Stroke, Traumatic Brain Injury, and Cerebral Palsy

A 2021 umbrella review aimed to summarize published meta-analyses regarding using VR interventions to improve physical and cognitive functions in people with stroke, traumatic brain injury, and cerebral palsy.12 In total, 41 reviews with meta-analyses were included in the umbrella review.12 Thirty-two reviews included patients with stroke, 6 reviews included children with cerebral palsy, and 3 reviews included patients with acquired brain injury (including stroke and traumatic brain injury).12 A wide range of both commercially available and customized VR systems were used in the included reviews.12 The technology used included video game systems (e.g., Xbox Kinect, Nintendo Wii), head-mounted displays, projectors, treadmills, data gloves, exoskeletons, motion-tracking systems, stereoscopic glasses, and more.12 Control conditions included conventional therapy and passive conditions such as wait lists.12

The umbrella review mostly identified evidence rated as low or very low quality by the review authors.12 However, results from evidence rated as moderate and high quality by the review authors suggested VR may improve mobility, balance, upper limb function, and body structure/function and activity of people with stroke, upper limb function of people with acquired brain injury, and ambulation function of children with cerebral palsy.12

Parkinson Disease

A 2019 systematic review and meta-analysis aimed to summarize the evidence on VR rehabilitation training for patients with Parkinson disease.43 The systematic review included a total of 16 randomized controlled trials that evaluated VR rehabilitation in 555 patients with Parkinson disease.43 The experimental groups in the included studies were treated with exercise and motor rehabilitation training using VR.43 The VR technology used in the studies varied, including interactive motion-sensing training and commercially available video game systems (e.g., Nintendo Wii, Xbox 360).43 The control groups received conventional rehabilitation training.43

Results from the meta-analysis suggested that VR rehabilitation training significantly improved step and stride length, balance function, mobility, and quality of life versus conventional rehabilitation training in patients with Parkinson disease.43 In contrast, there was no significant difference between groups in gait, activities of daily living, or cognitive function.43 The authors of the systematic review warn that the results should be interpreted with caution due to the heterogeneity among the included studies in terms of treatment intensity, intervention duration, and effect size.43

Autism Spectrum Disorders

A 2022 systematic review evaluated VR-based technologies for improving executive functioning, attention, and memory in children and adults with an autism spectrum disorder.16 The systematic review included 17 studies (3 RCTs, 4 case-control studies, and 10 single-arm studies) that assessed VR-based cognitive rehabilitation in 226 people with an autism spectrum disorder.16 The VR technologies used in the studies varied and included head-mounted displays, projection systems with sensors or motion-capture capabilities, driving simulators, and VR software operating on laptops.16 A range of VR programs were used in the included studies that aimed to improve cognitive outcomes such as executive functioning (e.g., finances, driving, shopping, street-crossing), attention, and memory.16 Nine of the included studies reported that VR interventions resulted in statistically significant improvement in cognitive outcomes, 7 studies reported improvements in cognitive outcomes; however, no formal statistical tests were conducted, and 1 study reported no improvements in cognitive outcomes.16 The systematic review authors state that some important limitations were the small sample sizes of included studies, the need for randomized controlled trials, and the need for long-term training programs and follow-up.16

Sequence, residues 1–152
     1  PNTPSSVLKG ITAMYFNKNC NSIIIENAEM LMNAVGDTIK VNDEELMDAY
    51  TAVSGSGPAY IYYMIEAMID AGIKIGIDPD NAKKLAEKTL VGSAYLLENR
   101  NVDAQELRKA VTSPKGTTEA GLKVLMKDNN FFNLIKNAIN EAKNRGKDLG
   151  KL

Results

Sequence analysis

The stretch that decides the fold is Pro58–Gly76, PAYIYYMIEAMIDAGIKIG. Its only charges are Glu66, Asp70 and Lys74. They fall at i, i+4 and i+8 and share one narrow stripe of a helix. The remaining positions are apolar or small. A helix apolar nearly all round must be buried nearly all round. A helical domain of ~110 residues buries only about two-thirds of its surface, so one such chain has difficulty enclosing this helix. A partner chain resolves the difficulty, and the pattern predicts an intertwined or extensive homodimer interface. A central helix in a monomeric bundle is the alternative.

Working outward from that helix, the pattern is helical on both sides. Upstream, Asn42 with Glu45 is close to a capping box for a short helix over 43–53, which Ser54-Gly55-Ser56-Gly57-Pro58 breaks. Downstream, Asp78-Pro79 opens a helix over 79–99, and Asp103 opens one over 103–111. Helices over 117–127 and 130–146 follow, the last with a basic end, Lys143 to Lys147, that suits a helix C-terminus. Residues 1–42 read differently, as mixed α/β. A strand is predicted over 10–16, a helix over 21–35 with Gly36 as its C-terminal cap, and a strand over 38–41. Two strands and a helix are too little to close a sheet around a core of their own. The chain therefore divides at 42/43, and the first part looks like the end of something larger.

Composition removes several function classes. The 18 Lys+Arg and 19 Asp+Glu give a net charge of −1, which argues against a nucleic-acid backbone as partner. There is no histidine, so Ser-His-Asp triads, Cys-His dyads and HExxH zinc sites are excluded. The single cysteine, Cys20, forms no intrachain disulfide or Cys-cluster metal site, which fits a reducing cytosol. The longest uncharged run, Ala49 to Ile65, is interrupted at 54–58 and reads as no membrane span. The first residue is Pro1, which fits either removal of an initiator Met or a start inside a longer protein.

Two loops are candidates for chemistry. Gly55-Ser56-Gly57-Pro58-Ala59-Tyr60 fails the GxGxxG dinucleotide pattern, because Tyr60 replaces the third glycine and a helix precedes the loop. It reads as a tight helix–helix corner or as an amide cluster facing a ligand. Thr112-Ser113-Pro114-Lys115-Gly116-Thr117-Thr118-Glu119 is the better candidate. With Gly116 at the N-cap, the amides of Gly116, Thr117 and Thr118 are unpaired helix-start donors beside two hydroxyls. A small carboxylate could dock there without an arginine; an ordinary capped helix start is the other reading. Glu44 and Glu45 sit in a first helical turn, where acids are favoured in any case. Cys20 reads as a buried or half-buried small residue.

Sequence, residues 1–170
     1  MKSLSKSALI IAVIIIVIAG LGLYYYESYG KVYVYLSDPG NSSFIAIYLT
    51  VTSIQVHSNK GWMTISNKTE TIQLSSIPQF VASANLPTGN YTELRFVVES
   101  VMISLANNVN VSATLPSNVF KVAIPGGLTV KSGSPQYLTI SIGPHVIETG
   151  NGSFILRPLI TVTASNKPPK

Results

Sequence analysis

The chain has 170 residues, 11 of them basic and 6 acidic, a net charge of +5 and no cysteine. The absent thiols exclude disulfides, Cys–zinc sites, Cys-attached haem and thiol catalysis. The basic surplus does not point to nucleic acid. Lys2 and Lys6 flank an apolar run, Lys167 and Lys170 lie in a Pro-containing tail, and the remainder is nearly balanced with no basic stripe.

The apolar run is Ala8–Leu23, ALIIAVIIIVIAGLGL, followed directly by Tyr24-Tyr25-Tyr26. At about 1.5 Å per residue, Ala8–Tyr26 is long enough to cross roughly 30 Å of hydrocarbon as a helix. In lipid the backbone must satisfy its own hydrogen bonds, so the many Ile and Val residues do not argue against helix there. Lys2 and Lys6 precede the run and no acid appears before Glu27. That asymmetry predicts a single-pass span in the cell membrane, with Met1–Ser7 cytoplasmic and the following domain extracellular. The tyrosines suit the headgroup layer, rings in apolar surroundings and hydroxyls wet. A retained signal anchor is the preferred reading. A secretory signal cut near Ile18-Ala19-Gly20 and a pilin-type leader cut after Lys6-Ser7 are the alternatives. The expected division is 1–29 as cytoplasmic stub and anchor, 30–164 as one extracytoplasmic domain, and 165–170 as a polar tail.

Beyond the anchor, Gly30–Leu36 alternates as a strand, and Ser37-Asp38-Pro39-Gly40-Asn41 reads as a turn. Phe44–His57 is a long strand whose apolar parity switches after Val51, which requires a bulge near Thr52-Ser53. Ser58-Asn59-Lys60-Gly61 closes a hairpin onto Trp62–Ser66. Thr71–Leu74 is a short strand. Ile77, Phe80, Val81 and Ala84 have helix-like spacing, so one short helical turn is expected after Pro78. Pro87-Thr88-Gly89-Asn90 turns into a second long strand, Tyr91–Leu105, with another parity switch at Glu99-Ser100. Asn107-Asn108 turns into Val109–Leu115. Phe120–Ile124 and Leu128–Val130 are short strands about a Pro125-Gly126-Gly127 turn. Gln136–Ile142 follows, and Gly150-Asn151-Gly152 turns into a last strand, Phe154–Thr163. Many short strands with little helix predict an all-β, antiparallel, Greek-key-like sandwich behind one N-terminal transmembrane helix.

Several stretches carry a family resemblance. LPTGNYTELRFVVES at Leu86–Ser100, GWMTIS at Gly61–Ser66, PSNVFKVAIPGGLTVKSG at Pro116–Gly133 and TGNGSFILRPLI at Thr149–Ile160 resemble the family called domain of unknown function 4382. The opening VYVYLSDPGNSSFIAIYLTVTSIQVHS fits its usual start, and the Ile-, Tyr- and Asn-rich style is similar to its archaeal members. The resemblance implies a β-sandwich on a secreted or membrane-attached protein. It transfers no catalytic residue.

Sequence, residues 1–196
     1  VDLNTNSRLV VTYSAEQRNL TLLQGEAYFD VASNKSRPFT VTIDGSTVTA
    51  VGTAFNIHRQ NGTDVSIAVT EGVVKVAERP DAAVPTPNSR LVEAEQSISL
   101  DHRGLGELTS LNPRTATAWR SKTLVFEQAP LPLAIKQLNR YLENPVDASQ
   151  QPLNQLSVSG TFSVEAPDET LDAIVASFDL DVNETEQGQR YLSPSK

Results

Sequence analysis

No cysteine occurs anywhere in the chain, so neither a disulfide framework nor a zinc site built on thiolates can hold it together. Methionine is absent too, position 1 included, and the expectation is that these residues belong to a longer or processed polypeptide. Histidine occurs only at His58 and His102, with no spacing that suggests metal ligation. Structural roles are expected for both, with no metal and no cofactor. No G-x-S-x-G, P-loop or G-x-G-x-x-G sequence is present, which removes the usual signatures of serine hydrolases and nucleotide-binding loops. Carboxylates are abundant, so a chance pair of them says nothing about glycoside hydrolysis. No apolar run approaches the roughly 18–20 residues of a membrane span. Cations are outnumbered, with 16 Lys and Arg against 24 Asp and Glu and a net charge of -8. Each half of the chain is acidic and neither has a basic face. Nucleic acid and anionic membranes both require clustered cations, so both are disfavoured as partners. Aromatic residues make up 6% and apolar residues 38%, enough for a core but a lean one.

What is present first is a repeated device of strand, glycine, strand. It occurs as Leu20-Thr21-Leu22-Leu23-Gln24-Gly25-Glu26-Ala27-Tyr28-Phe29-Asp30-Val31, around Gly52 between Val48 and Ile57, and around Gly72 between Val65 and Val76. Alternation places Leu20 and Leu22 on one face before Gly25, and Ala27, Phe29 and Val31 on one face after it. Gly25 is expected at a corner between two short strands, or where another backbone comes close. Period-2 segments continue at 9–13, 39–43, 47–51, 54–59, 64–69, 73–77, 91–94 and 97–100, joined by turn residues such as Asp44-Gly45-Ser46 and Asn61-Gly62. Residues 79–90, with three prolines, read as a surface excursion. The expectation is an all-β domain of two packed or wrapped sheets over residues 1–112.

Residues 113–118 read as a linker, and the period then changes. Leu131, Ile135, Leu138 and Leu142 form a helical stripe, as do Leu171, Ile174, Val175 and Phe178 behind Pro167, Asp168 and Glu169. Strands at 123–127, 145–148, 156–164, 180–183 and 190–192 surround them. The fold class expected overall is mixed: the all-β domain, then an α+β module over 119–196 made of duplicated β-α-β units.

Mental Health

Extended reality technologies have been studied to diagnose and treat various mental health conditions. VR has the potential to produce scenarios that may be therapeutically beneficial but impossible to recreate in real life.37 Using VR, individuals can enter simulations of difficult situations and receive immediate feedback and coaching.37 Additionally, the simulations can be repeated, and the difficulty adjusted until learning is achieved.37 One example of VR for mental health conditions is VR exposure therapy which can be used for people with specific phobias and post-traumatic stress disorder.44 In VR exposure therapy, patients can be exposed to their feared stimulus in a safe and controlled virtual environment.44 Additionally, VR-based interventions have been studied in anxiety disorders, depression, schizophrenia, psychosis, eating disorders, substance use disorders, ADHD, cognitive impairment, and dementia.37

Anxiety and Depression

The effectiveness of VR-enhanced interventions to improve symptoms of anxiety and depression was evaluated in a 2018 systematic review and meta-analysis.8 The meta-analysis included 39 randomized controlled trials of VR interventions in 1991 adults with various conditions, including specific phobias (e.g., heights, spiders), social anxiety, panic disorder, and post-traumatic stress disorder.8 The VR interventions used in the included studies were VR-enhanced exposure therapy and VR-enhanced cognitive behavioural therapy.8 The majority of included studies used a head-mounted display.8 Control conditions included waitlist, placebo, and treatment as usual. Active comparators included interventions not employing VR (e.g., cognitive behavioural therapy, imaginal exposure, relaxation).8